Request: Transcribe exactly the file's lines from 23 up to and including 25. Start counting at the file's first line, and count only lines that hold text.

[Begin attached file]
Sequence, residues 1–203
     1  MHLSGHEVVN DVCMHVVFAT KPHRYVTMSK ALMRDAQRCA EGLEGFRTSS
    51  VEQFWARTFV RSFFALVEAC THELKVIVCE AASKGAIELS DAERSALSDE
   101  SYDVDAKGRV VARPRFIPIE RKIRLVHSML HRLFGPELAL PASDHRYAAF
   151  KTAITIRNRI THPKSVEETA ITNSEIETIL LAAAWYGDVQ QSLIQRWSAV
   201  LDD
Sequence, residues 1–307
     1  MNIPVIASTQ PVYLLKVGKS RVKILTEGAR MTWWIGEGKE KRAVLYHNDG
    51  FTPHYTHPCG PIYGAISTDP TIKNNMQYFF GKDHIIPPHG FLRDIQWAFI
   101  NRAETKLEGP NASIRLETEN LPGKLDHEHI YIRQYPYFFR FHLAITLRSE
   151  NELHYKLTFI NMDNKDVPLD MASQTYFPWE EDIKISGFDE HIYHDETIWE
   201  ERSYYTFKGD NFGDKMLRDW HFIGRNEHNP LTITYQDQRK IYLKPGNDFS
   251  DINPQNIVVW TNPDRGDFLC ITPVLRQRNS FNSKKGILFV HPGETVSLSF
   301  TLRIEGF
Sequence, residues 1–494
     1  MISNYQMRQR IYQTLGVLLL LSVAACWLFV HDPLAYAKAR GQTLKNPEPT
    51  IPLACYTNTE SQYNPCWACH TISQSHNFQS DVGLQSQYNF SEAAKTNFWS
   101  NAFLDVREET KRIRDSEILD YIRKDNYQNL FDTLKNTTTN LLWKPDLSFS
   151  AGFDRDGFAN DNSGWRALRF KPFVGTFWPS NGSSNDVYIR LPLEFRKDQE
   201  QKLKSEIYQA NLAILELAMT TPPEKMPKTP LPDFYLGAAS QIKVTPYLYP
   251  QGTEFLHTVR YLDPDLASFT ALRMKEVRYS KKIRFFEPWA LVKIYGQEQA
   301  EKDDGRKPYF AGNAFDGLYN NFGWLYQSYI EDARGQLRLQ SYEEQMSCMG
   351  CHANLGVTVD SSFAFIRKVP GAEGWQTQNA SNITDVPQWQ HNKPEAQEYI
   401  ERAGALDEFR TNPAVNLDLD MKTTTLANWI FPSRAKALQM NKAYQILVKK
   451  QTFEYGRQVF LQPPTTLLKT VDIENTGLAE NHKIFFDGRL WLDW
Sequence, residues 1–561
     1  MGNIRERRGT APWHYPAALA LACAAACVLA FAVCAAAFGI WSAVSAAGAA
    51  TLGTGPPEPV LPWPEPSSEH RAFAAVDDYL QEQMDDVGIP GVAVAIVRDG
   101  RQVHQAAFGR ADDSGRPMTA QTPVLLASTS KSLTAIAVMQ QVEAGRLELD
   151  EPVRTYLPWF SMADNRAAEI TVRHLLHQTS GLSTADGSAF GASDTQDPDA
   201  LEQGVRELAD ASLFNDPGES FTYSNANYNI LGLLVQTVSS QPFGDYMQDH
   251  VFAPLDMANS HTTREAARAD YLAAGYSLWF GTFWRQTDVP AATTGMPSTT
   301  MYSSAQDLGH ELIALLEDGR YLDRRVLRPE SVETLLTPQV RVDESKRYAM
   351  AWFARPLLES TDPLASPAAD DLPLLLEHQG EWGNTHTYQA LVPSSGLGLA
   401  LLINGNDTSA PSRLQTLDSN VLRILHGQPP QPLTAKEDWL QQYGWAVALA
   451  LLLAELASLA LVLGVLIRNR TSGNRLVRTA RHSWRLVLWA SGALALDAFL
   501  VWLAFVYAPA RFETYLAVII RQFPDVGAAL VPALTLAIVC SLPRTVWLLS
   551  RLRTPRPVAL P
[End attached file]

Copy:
   351  CHANLGVTVD SSFAFIRKVP GAEGWQTQNA SNITDVPQWQ HNKPEAQEYI
   401  ERAGALDEFR TNPAVNLDLD MKTTTLANWI FPSRAKALQM NKAYQILVKK
   451  QTFEYGRQVF LQPPTTLLKT VDIENTGLAE NHKIFFDGRL WLDW